United States District Court, D. Nebraska
MEMORANDUM AND ORDER
Richard G. Kopf Senior United States District Judge.
matter is before the court on initial review of
Plaintiff's “Motion for Return of Unlawfully Seized
Property, ” which the court liberally construes as a
complaint. (Filing No. 1.) For the reasons that follow, the
court will allow this action to proceed to service of process
on the United States. However, Plaintiff's claims against
Eban Jones will be dismissed without prejudice.
SUMMARY OF COMPLAINT
alleges he was arrested by two United States Marshals and
Eban Jones, a Douglas County Deputy, on or about May 12, 2015
in Omaha, Nebraska. (Filing No. 1.) Plaintiff claims that
upon his arrest, he was searched and that the Marshals seized
multiple items of personal property. (Filing No. 1 at CM/ECF
maintains that Defendants refuse to return his property even
though he has not been charged with a crime in connection
with the May 12, 2015 arrest. Plaintiff names the “US
Marshals John Doe #1 John Doe #2, ” and Douglas County
Deputy Eban Jones as defendants. As relief, Plaintiff seeks
the return of his property.
APPLICABLE STANDARDS OF INITIAL REVIEW
court is required to review prisoner and in forma pauperis
complaints seeking relief against a governmental entity or an
officer or employee of a governmental entity to determine
whether summary dismissal is appropriate. See 28
U.S.C. §§ 1915(e) and 1915A. The court must dismiss
a complaint or any portion of it that states a frivolous or
malicious claim, that fails to state a claim upon which
relief may be granted, or that seeks monetary relief from a
defendant who is immune from such relief. 28 U.S.C. §
1915(e)(2)(B); 28 U.S.C. § 1915A(b).
plaintiffs must set forth enough factual allegations to
“nudge their claims across the line from conceivable
to plausible, ” or “their complaint must be
dismissed.” Bell Atlantic Corp. v. Twombly,
550 U.S. 544, 569-70 (2007); see also Ashcroft v.
Iqbal, 556 U.S. 662, 678 (2009) (“A claim has
facial plausibility when the plaintiff pleads factual content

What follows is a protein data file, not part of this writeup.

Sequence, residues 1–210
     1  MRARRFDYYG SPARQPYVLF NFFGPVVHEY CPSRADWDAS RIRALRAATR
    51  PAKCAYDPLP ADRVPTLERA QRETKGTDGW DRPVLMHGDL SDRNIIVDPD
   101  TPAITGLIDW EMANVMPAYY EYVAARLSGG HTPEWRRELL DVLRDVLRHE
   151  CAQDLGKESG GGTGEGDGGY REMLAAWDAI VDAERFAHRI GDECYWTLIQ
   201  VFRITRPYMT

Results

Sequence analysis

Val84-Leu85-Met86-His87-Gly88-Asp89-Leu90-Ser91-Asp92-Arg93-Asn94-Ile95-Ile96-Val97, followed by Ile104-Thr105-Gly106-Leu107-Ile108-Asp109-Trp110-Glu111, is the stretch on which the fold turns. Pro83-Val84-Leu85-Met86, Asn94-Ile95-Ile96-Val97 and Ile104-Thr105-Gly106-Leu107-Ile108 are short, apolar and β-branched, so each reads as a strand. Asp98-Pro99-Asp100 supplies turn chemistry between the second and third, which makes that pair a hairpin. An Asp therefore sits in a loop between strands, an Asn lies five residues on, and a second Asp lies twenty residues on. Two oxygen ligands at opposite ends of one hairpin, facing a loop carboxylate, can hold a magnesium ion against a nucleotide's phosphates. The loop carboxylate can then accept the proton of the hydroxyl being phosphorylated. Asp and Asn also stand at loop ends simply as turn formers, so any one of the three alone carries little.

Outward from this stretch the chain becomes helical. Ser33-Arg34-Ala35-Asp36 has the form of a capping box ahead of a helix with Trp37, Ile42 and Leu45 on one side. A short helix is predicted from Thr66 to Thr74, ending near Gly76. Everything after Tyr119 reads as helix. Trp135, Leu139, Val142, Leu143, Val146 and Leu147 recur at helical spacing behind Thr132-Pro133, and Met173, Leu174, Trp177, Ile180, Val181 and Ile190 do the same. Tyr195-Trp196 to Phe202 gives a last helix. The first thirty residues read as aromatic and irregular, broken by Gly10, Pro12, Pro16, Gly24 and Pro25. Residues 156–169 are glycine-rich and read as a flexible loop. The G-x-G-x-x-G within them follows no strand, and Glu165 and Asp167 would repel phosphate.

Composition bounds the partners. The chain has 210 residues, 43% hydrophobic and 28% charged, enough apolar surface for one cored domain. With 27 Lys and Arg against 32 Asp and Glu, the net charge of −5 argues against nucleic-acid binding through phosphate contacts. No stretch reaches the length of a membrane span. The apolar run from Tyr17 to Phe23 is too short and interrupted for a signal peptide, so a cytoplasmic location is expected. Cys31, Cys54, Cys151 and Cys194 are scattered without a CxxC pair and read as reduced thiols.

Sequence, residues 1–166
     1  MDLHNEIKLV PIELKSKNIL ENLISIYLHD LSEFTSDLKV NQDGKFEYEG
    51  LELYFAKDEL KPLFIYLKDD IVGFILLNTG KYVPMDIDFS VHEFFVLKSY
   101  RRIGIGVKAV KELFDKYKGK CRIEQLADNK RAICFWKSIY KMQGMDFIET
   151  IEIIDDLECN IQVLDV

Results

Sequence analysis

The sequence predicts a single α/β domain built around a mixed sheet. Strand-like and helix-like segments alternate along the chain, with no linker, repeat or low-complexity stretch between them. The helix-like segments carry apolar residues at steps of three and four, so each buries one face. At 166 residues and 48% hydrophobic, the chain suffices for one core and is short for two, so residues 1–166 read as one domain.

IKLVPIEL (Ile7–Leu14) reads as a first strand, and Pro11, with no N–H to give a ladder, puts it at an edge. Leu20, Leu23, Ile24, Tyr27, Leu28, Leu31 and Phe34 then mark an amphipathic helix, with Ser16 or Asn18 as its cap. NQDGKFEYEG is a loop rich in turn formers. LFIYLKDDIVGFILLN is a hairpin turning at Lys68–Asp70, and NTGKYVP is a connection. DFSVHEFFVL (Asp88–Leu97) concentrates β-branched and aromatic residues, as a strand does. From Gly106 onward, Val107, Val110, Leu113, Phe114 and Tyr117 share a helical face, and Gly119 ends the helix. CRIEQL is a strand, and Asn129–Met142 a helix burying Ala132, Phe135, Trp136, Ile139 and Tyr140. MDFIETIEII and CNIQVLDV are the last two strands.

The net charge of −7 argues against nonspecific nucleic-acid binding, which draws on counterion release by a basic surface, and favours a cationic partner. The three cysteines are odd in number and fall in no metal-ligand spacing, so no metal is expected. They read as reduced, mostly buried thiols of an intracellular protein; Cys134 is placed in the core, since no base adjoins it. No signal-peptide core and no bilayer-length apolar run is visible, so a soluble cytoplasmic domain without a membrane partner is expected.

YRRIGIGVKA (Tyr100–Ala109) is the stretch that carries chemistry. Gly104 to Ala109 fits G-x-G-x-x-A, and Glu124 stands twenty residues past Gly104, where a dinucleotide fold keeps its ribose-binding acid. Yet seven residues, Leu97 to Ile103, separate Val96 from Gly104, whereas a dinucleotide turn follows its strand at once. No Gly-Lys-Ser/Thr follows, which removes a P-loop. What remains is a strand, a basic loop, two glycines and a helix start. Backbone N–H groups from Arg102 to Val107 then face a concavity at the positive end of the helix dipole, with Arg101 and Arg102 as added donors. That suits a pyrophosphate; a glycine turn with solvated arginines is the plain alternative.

that allows the court to draw the reasonable inference that
the defendant is liable for the misconduct alleged.”).
essential function of a complaint under the Federal Rules of
Civil Procedure is to give the opposing party ‘fair
notice of the nature and basis or grounds for a claim, and a
general indication of the type of litigation
involved.'” Topchian v. JPMorgan Chase Bank,
N.A., 760 F.3d 843, 848 (8th Cir. 2014) (quoting
Hopkins v. Saunders, 199 F.3d 968, 973 (8th Cir.
1999)). However, “[a] pro se complaint must be
liberally construed, and pro se litigants are held to a
lesser pleading standard than other parties.”
Topchian, 760 F.3d at 849 (internal quotation marks
and citations omitted).
Rule of Criminal Procedure 41(g) provides a mechanism by
which an individual may seek to recover property seized by
federal agents. Under Rule 41(g), a person “aggrieved
by an unlawful search and seizure of property or by the
deprivation of property may move for the property's
return. The motion must be filed in the district where the
property was seized.” After a criminal proceeding has
ended, a district court should construe a motion requesting
the return of property seized as initiating a civil action in
equity. Lavin v. United States, 299 F.3d 123, 127
(2d Cir. 2002).
reviewed the matter, the court will allow Plaintiff's
claims to proceed to service of process against the U.S.
Marshals. Plaintiff contends that property was
unlawfully seized by Marshals during a search, and that they
refuse to return his property. For purposes of initial
review, these allegations are sufficient to state a claim.
Plaintiff's claims against Douglas County Deputy Eban
Jones will be dismissed without prejudice. Plaintiff does not
allege that Jones is in possession of the property. Moreover,
if Jones actually has custody of the property, ...